I thought I would devote today’s post to an assessment of how closely I have followed the nutrition advice I have been given.
First though, this should make you laugh. My daughter-in-law sent me a bottle of aloe vera gel. Unsure what to do with it (Stephen had no idea) I applied it to my sore, shorn head one evening. In fact, you are supposed to drink a glass each day. I find it rather unpleasant though, so I only drink it occasionally. Some early research suggests that it might have cancer-busting properties.
Here’s a rundown of the advice my nutritionist friend gave me eight weeks ago.
Avocados, one a day. 99% success rate. There was one day when the very thought of an avocado made me feel nauseous.
Onions, leeks, garlic. I use our home-grown onions in most things so I guess I can give myself a high pass here. I almost always have a leek or two in my fridge to add to soups and stews, or even just to serve as a vegetable. And garlic is always on hand.
Dandelion root tea. 100% pass mark. I have got used to the slightly bitter taste. It’s my first drink of the day. Dandelion is said to have cancer-busting properties.
Leafy vegetables. A high pass in this section. Brassicas such as cabbage, broccoli, cauliflower, (these I love to eat raw) kale, and brussel sprouts are all favourites. Spinach is not a brassica but I eat a lot of that too. My only gripe is that curly kale comes in huge packs. It keeps quite a while, but even so I struggle to get through it.
No red or processed meat. I can claim 100% success here. Fish, chicken, turkey, or just vegetarian food has been the basis of my meals for two months now. I miss bacon, but will probably never eat it again! Bob, meanwhile, is often served beef casseroles, or bacon and eggs.
Dairy-free. I switched to coconut milk for most things (to go with my porridge or cereal and in my one coffee a day) and obtained Vitalite to spread on my toast. But I cannot claim 100% success. I have used dairy milk, butter and cream in cooking. There have been occasions when preparing food for the family that it’s just too great a step to cook separately just for me. And since I am not actually dairy-intolerant, the small amounts I consume this way surely have done no harm. It’s also very difficult when eating out to remain totally dairy-free. The link between dairy products and cancer is unproven. In this country at least, milk is not boosted with growth-enhancing hormones. And I worry about calcium deficiency if I abandoned dairy altogether.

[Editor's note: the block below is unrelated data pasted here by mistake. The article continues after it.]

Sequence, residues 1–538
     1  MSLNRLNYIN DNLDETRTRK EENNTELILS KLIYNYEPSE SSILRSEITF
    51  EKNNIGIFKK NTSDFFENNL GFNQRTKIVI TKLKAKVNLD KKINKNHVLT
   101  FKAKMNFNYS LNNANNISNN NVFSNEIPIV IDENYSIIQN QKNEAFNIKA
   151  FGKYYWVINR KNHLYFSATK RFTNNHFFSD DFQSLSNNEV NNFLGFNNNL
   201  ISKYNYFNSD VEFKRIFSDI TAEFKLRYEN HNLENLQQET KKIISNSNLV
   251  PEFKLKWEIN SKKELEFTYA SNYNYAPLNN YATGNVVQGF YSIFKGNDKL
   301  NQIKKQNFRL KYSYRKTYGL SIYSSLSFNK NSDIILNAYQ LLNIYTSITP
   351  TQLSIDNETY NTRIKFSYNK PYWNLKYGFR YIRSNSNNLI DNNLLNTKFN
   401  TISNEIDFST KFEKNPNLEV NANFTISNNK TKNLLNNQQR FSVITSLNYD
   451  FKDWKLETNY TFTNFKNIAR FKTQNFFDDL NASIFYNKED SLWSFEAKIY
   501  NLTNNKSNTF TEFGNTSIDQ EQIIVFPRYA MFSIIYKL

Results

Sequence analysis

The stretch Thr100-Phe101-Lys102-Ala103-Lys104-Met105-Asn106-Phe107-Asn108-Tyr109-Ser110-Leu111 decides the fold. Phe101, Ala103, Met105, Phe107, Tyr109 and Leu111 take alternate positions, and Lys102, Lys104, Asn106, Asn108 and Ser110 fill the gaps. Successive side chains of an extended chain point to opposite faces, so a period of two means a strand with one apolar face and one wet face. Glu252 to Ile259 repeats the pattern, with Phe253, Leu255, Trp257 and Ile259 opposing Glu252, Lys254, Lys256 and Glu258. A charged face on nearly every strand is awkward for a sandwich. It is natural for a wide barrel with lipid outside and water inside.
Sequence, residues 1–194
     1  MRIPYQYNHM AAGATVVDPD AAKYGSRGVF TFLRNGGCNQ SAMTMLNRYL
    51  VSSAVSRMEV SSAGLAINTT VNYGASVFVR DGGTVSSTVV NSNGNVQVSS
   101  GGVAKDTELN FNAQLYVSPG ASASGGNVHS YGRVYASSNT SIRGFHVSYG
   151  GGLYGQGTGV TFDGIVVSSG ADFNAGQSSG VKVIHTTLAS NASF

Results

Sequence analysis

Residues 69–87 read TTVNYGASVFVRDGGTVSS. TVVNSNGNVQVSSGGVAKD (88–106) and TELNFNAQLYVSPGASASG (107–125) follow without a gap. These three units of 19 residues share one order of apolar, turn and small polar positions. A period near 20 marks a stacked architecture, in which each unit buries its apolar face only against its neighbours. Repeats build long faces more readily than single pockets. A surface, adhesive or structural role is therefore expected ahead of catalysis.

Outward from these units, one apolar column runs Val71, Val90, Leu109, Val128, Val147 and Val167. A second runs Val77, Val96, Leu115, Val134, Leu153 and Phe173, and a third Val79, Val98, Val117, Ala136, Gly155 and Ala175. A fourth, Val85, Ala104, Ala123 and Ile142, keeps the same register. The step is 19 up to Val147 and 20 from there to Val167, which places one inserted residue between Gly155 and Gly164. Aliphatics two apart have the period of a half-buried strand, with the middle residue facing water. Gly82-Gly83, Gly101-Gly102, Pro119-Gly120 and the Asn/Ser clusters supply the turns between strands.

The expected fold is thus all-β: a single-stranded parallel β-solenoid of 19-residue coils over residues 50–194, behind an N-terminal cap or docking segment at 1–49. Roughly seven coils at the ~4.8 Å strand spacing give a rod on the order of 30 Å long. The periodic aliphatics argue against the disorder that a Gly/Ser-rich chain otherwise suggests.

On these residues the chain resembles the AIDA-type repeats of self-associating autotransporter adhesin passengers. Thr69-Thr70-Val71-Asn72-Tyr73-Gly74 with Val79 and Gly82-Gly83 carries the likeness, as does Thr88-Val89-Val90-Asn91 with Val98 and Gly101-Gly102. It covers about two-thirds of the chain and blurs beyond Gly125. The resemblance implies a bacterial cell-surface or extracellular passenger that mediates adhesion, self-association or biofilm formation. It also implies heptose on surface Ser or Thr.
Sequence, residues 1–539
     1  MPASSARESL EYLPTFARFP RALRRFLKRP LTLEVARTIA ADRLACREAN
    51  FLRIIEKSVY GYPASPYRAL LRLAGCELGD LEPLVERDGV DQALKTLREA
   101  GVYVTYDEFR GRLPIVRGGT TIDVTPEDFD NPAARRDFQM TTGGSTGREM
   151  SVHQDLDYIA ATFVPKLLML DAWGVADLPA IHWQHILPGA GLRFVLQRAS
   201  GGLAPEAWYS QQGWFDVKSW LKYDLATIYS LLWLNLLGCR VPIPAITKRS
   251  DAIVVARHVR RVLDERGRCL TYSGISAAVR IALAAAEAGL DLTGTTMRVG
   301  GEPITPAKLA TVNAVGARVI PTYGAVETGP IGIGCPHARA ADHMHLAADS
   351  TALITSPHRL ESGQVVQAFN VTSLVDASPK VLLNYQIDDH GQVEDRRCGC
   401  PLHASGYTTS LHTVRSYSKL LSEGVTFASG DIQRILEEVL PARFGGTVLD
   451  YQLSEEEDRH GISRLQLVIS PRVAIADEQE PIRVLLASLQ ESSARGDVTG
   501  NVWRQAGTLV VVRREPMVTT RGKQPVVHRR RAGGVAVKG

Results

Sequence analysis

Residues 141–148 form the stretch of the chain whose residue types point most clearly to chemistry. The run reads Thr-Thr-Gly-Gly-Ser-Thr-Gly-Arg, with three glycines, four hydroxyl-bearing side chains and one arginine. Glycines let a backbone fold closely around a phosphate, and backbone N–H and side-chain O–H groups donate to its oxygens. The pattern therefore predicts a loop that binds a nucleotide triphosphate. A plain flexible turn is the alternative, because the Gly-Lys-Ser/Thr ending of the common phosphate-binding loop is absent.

Green tea. I stopped drinking ‘builders’ tea’ in favour of fruit teas. I also dug out some odd packets of artisan tea (not necessarily green) purchased in Sri Lanka. I’m not so sure that green tea is any better at cracking cancer than any other tea.
Gluten-free. Here I had to admit defeat. I found an excellent artisan gluten-free loaf at a function I went to, but it proved impossible to buy without driving for miles. I don’t care at all for the stuff the supermarket sells on the ‘free from’ shelf, so I have decided that this was not really for me. Again, I am not gluten-intolerant, and usually only eat whole-meal or rye bread. So I am afraid gluten-free represents an epic fail for me.
Supplements. These include probiotics, vitamin D3, fish oil, turmeric, propolis. I take these in capsule or tablet form and haven’t missed a day yet. When I had a sniffly nose, threatening to turn into a cold, I made myself golden turmeric milky drinks. I use turmeric powder, mixed with black pepper and coconut oil to make into a paste, then heat it with coconut or almond milk. Add a dash of nectar or honey and you have a beautiful, warming, and healthy drink. My snuffles never developed into a cold. The drink was very comforting during the cold days we have experienced recently.
Fasting. All the medics I have mentioned this to are pretty unhappy to hear that I am not eating before each chemo treatment. I said in my nutrition post back in February that more research needs to be done before it is accepted by the medical profession. All I can say is that my side effects have been nothing like as horrendous as might be expected. For example, my finger nails are still hard and healthy, I still have eyebrows, my skin (scalp aside) hasn’t suffered the soreness I was warned of, and, apart from some dryness in the mouth, I haven’t suffered the ulceration that some experience.
But I cannot claim 100% success with sticking to the fast. I manage the 24 hours prior to treatment ok, but I really need something to eat once I get home afterwards. The recommendation was 24 hours before and 24 hours after.
I say these things, but I recognise that I still have a way to go. However, apart from feeling a bit rough for a week after a session, and losing my taste for food for a while, I am perfectly able to lead a full and active life.
Do I pass the nutrition test? I think so. Despite the gluten-free failure, I award myself an overall mark of 80%.
The benefits of exercise
We were joined at my C U Fitter chemosize class this week by a researcher from the University of Surrey. She’s researching the benefits of exercise in conquering cancer and was full of praise for the class and our trainer. I have to agree that exercise is very important. As soon as my last chemo session is over I am going back to my regular gym and will try to get to some classes. I haven’t yet stopped my medical suspension because I thought I might not get full use of my hefty subscription during chemo. Meantime I try to walk for an hour each day and am attending two classes a week at CU Fitter.
Next time: more great stuff from McMillan nurses.
As before, this blog is not intended to be advisory in any way. My nutrition regime is simply how I understand the advice I have been given and it’s personal to me. Please consult an expert before changing your diet.